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BOOK: The Great disruption, Bloomsbury Publishing Plc, London, 2011. AUTHOR: Paul Gilding – Is an Australian by birth who is an Advocate for sustainability, Head Greenpeace International, Consultant to major corporations, Member Cambridge University’s Programme or Sustainability Leadership, Blogger and runs newsletter the Cockatoo Chronicles. OVERVIEW: The author’s stated objective is to help alert us to the changes that are now inevitable as a result of the affects of human activity on the planet. The author makes the starting point for his book clear namely that as it is now too late to avoid the significant adverse affects of humanity induced climate change we should immediately start considering how we should deal with the likely problems.

Gilding, Paul, 1959-. An economic and social hurricane The scream : we are their children's children A very big problem Beyond the limits : the great disruption Addicted to growth Global foreshock : the year that growth stopped The road ahead : our planetary sat nav Are we finished? When the dam of denial breaks The one-degree war How an Austrian economist could save the world Creative destruction on steroids : out with the old, in with the new Shifting sands : from Middle Eastern oil to Chinese sun The elephant in the room : growth doesn't work The happiness economy Yes, there is life after shopping No,.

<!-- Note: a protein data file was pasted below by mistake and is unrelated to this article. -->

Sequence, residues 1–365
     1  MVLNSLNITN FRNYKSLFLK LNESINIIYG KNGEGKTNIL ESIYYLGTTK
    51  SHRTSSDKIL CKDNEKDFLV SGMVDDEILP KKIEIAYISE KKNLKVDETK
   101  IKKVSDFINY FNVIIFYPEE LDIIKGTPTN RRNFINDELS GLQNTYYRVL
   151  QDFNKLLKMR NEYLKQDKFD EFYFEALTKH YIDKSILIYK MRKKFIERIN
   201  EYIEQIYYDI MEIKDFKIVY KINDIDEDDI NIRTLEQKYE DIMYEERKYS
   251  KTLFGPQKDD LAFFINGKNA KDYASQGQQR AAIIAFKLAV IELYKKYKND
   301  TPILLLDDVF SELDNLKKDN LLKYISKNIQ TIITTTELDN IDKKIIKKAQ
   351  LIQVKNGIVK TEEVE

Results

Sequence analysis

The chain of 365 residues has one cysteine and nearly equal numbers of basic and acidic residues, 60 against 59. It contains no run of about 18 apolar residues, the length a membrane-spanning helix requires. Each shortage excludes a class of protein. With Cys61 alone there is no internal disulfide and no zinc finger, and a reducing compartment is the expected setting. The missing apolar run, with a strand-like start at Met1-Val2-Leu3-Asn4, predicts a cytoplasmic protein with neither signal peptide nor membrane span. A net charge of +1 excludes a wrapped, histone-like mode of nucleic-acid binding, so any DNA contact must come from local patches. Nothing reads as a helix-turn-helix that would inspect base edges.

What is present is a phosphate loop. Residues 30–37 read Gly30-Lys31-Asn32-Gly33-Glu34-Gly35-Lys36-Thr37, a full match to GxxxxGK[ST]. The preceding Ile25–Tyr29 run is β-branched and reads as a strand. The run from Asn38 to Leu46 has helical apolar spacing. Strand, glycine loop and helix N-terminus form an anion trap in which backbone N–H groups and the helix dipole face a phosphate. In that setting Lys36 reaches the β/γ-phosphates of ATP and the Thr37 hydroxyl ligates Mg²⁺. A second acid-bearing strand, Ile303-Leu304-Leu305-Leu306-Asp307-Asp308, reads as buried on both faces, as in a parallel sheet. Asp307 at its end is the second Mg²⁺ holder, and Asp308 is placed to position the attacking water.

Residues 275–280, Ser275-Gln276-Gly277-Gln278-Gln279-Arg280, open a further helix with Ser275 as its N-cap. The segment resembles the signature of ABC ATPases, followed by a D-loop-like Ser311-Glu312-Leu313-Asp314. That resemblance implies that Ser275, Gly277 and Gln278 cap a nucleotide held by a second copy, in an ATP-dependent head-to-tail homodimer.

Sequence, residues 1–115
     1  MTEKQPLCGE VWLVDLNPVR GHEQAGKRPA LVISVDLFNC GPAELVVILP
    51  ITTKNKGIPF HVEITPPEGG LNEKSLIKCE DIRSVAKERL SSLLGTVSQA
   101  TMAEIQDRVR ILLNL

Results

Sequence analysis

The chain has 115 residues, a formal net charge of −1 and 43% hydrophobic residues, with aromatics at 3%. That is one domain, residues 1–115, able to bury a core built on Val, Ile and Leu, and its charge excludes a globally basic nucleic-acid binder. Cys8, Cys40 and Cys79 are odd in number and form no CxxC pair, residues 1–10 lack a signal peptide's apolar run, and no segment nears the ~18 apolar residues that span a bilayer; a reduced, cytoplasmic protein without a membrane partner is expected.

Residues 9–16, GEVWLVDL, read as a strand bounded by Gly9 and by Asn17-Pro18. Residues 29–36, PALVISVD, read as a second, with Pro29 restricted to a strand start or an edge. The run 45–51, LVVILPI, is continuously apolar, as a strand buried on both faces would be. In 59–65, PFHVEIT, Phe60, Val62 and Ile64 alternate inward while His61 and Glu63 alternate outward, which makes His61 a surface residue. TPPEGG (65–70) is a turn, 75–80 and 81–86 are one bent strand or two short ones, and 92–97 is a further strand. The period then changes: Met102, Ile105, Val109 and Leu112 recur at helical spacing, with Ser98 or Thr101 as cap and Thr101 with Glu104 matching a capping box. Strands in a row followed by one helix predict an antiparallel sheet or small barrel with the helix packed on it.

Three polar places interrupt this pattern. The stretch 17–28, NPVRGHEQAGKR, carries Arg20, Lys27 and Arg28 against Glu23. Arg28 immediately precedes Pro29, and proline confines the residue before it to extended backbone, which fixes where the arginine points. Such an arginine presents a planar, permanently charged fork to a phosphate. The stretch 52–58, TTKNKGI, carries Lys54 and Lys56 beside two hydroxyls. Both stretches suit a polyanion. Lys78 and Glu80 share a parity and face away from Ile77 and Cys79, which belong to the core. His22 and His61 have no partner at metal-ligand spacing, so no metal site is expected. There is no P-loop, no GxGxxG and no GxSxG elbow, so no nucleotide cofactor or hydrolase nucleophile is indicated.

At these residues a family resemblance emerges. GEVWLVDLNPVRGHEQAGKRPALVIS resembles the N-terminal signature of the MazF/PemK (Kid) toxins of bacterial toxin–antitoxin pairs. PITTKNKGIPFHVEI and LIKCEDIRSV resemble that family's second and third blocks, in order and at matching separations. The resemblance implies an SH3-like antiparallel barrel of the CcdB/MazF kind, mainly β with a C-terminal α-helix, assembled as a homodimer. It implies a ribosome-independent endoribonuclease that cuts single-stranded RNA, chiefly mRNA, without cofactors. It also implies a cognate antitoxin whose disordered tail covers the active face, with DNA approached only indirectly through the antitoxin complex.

The Great Disruption book. Fantastic high-level book from former Greenpeace CEO and environmental consultant Paul Gilding. He directly addresses activist nihilism ("everything is fucked what's the point") at a time when I needed it. He's not optimistic in the "everything will work out fine" sense, but talks from direct experience figuring out what role he was going to play.